Thirty-five mile an hour wind gusts kept me from photographing any blankets the other day but I didn’t let them stop me from taking pictures of yarn. . . heavy cones of weaving yarn!

Here are just some of the lovely yarns that Cathy of CT donated to the Crochet Corner almost three months ago, after she read my Ravelry ad looking for reeds to go in the nursing home’s “new” floor loom. These are the cottons.

747 cones-cottons

I immediately recognized the cone of white – ecru, in real life – as “dishcloth” cotton. That’s an entire pound of Peaches and Cream, 787 yards! In the weaving world, this weight of cotton is called 4/4. I would have to look up what the top 4 means, something to do with how many yards per pound. The bottom 4 tells us this yarn has four plies.

You may remember that I’ve used a similar yarn, Bernat Handicrafter Cotton, as the weft – horizontal threads – in the dish/hand towels that I wove a couple of years ago.

508 towel set #1They’ve held up well to daily use, with mild pilling. Maybe after the ladies have gained a little experience on the floor loom, I’ll be able to interest them in making some for the Rec. Dept. kitchen.

The others are all “real” weaving yarns. – Repeating the photo from above so you won’t have to scroll back and forth. –

747 cones-cottonsIn descending order, by weight:

  • 3/2 – 1 lb. variegated brown #9816 on the right – about the same thickness as #3 crochet cotton.
  • 3/2 – 10 oz. merc. medium blue on left
  • 3/2 – 12 oz. merc. (perle) cream on far left – actually tan – UKI ‘Safari’ – 1260 yards per pound, rec. weaving sett 12-15 epi (ends per inch)
  • 6/2 – 6 oz. unmercerized olive – 6/2 is half as thick as 3/2. – #5597, Valley Yarns ‘Mosstone’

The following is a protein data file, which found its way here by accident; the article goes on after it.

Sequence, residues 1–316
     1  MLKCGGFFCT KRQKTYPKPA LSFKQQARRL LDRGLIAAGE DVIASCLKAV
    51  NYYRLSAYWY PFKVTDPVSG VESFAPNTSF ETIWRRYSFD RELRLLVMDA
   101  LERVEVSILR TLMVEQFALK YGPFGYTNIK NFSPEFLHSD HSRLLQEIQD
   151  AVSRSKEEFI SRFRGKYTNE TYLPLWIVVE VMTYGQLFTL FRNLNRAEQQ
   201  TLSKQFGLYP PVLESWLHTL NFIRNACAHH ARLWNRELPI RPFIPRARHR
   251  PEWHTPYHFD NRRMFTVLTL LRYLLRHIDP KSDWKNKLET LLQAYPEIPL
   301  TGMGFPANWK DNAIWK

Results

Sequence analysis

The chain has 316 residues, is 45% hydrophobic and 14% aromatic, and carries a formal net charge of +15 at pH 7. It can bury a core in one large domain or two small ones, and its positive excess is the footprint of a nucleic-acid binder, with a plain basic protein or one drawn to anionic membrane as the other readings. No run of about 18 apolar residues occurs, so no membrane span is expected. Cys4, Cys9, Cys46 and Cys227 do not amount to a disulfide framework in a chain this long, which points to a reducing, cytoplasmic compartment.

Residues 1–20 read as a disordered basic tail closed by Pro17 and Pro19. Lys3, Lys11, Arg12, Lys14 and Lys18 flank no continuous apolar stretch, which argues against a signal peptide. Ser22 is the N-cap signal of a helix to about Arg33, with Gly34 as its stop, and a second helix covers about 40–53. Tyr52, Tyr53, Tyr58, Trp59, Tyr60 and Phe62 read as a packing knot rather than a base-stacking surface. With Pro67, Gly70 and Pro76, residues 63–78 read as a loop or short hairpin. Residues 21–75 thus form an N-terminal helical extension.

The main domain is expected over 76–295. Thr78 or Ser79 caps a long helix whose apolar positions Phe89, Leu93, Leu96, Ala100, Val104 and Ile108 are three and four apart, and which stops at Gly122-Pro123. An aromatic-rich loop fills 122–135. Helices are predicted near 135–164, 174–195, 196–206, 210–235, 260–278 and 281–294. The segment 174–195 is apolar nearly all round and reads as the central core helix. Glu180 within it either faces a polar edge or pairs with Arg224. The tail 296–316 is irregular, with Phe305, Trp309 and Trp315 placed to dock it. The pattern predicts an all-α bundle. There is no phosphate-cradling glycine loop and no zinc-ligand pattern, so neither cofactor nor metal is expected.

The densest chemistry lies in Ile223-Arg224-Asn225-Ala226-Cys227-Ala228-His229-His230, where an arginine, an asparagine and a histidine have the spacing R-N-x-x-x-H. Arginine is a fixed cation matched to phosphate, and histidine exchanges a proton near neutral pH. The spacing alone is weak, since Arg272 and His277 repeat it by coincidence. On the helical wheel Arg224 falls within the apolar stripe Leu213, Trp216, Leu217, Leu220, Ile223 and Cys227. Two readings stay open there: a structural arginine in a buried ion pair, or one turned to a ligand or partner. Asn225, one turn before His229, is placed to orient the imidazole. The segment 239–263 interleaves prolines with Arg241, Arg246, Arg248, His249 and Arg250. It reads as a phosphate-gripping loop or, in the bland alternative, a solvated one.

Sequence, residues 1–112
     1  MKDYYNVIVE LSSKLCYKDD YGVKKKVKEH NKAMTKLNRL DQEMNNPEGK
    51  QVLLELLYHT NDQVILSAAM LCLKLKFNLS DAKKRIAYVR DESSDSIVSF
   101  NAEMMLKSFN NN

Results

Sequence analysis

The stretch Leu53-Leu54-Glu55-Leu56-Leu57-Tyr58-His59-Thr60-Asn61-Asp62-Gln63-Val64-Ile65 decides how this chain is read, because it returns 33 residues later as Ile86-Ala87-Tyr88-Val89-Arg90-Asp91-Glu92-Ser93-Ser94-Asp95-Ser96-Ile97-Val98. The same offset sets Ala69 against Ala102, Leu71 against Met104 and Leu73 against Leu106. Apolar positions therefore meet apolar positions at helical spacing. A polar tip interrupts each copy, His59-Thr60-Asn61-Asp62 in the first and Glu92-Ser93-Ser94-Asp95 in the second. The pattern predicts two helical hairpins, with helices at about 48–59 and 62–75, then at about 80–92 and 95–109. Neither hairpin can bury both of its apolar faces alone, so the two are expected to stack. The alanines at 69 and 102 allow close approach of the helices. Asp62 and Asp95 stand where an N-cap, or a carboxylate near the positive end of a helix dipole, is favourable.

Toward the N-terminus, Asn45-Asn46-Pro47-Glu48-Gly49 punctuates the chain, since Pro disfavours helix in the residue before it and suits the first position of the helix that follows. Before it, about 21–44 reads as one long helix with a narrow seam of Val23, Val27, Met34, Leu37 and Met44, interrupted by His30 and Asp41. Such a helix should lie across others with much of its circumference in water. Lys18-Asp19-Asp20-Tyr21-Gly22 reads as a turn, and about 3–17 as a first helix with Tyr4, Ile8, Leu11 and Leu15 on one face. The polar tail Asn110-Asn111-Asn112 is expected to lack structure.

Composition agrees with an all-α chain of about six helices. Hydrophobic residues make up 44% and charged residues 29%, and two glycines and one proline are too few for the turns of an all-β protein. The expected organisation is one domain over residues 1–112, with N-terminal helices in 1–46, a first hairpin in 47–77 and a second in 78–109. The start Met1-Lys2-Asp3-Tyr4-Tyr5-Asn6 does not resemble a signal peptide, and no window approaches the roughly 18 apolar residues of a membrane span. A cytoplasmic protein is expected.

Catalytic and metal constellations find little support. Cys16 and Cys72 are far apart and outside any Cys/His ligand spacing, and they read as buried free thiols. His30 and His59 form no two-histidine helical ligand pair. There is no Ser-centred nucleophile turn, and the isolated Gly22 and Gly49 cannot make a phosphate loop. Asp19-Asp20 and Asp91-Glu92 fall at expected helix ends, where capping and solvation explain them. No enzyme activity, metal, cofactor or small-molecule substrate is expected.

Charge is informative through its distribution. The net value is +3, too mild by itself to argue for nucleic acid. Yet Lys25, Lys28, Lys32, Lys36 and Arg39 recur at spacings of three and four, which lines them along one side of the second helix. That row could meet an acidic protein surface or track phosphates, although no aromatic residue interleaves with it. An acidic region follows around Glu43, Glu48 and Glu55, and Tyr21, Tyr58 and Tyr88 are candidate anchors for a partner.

• 6/2 – 7 oz. unmerc. soft navy, #2625, Valley Yarns ‘Ink Blue’
  • 8/2 – 8.5 oz unmerc. tan, next to the vrgtd. – This weight is commonly used as both warp and weft in napkins and kitchen towels. After emailing back and forth with Cathy, I thought this might be CottoLin, a 60% cotton/40% linen blend, which would be an extra special treat. But, after a little more detective work, I matched the color # on the cone, 8176, to ‘Natural’ unmercerized cotton from Valley Yarns. Still a lovely yarn, just not linen.

And here are the wools.

747 cones-woolThe grey is labeled 2/6 NM. I’ve already forgotten what NM stands for, but I do know that, with wool yarns, the top number refers to plies, the opposite of the cotton system.

  • 2/6 NM – 12 oz. grey tweed, Gardiner of Selkirk Ltd., Donegal, 1488 yards per pound. – a close-out that WEBS sold for a very short period of time back in 2007. –

I think the blues and light brown are also 2/6.

  • 2/6 – 1 lb. light blue, with only 5435, written inside the cone with heavy marker. – Hopefully, someday, I’ll find out more. –
  • 2/6 – 1 lb. slightly darker blue, 0325 in heavy marker
  • 2/6 – 5 oz. lt. brown tweed, 0975 in heavy marker

The red is finer. It’s labeled, #2 Red Shetland Lt 1011, 8 oz, aprox. 900 yds –Not a close-out, this yarn is still being made by Harrisville Designs, Inc. – sells for $24.00/ 8 oz cone! gulp. Recommended for weaving light, loft blankets, with a sett of 12-15 epi.

Described as an old-fashioned ‘sheepy’ 2-ply sportweight knitting yarn that ‘blooms’ and softens greatly with washing. Quotes from reviews I found on, “I’ve been using HD Shetland for over 25 years primarily for afghans, scarves and combined with other yarns to create rugs. It is so well spun that it will withstand high warp tension without breaking. ” and ” I weave Harrisville Shetland at 12epi & 12ppi and I get wonderful results – perfect for Colorado winters. After a supervised warm water soak & light agitation, the finished product is soft & has a very nice loft. This is one of the easiest wool fibers I have found to weave with and get consistent results time & time again.”

Sounds like a wonderful yarn, doesn’t it?

Thanks, again, Cathy!

This entry was posted in Yarn Stash and tagged . Bookmark the permalink.

One Response to Windy!

  1. Ann says:

    Delightful possibilities. Yes…Thank you, Cathy. I look forward to seeing the fun you, or you and the ladies have with these yarns.

Leave a Reply

Fill in your details below or click an icon to log in: Logo

You are commenting using your account. Log Out /  Change )

Google+ photo

You are commenting using your Google+ account. Log Out /  Change )

Twitter picture

You are commenting using your Twitter account. Log Out /  Change )

Facebook photo

You are commenting using your Facebook account. Log Out /  Change )


Connecting to %s